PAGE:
The Long-Run Effects of California's Paid Family Leave Act on Women's Careers and Childbearing: New Evidence from a Regression Discontinuity Design and U.S. Tax Data

42 Pages Posted: 30 Oct 2019 Last revised: 6 Mar 2023

See all articles by Martha J. Bailey

Martha J. Bailey

University of California, Los Angeles (UCLA) - Department of Economics

Tanya Byker

Middlebury College - Department of Economics

Elena Patel

University of Utah - Department of Finance

Shanthi Ramnath

Federal Reserve Bank of Chicago

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Date Written: October 2019

Abstract

We use administrative tax data to analyze the cumulative, long-run effects of California’s 2004 Paid Family Leave Act (CPFL) on women’s employment, earnings, and childbearing. A regression-discontinuity design exploits the sharp increase in the weeks of paid leave available under the law. We find no evidence that CPFL increased employment, boosted earnings, or encouraged childbearing, suggesting that CPFL had little effect on the gender pay gap or child penalty. For first-time mothers, we find that CPFL reduced employment and earnings roughly a decade after they gave birth.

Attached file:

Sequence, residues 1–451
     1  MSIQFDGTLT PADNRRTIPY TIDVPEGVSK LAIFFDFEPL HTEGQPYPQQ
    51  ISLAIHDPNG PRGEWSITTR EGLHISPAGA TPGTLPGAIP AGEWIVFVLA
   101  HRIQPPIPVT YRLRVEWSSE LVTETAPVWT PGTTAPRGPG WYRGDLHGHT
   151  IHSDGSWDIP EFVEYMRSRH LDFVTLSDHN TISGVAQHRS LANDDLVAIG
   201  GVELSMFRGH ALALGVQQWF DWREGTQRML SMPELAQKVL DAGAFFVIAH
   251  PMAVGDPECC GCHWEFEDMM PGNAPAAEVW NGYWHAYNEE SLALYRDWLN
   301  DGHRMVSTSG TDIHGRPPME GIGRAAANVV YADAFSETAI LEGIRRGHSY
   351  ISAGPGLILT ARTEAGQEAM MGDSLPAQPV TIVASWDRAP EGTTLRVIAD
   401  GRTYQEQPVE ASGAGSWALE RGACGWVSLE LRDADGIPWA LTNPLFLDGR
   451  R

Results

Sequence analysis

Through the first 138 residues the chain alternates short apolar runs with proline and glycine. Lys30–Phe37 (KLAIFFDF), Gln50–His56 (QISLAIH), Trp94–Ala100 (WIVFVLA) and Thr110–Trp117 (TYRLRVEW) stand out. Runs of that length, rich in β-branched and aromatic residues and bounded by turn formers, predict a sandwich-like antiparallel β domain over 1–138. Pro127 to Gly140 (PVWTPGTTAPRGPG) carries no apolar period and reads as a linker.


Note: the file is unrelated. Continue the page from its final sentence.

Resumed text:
Suggested Citation

Bailey, Martha Jane and Byker, Tanya and Patel, Elena and Ramnath, Shanthi, The Long-Run Effects of California's Paid Family Leave Act on Women's Careers and Childbearing: New Evidence from a Regression Discontinuity Design and U.S. Tax Data (October 2019). NBER Working Paper No. w26416, Available at SSRN: https://ssrn.com/abstract=3476496

Martha Jane Bailey (Contact Author)

University of California, Los Angeles (UCLA) - Department of Economics ( email )

8283 Bunche Hall
Los Angeles, CA 90095-1477
United States

Tanya Byker

Middlebury College - Department of Economics ( email )

Munroe Hall
Middlebury, VT 05753
United States

Elena Patel

University of Utah - Department of Finance ( email )

David Eccles School of Business
Salt Lake City, UT 84112
United States

Shanthi Ramnath

Federal Reserve Bank of Chicago ( email )

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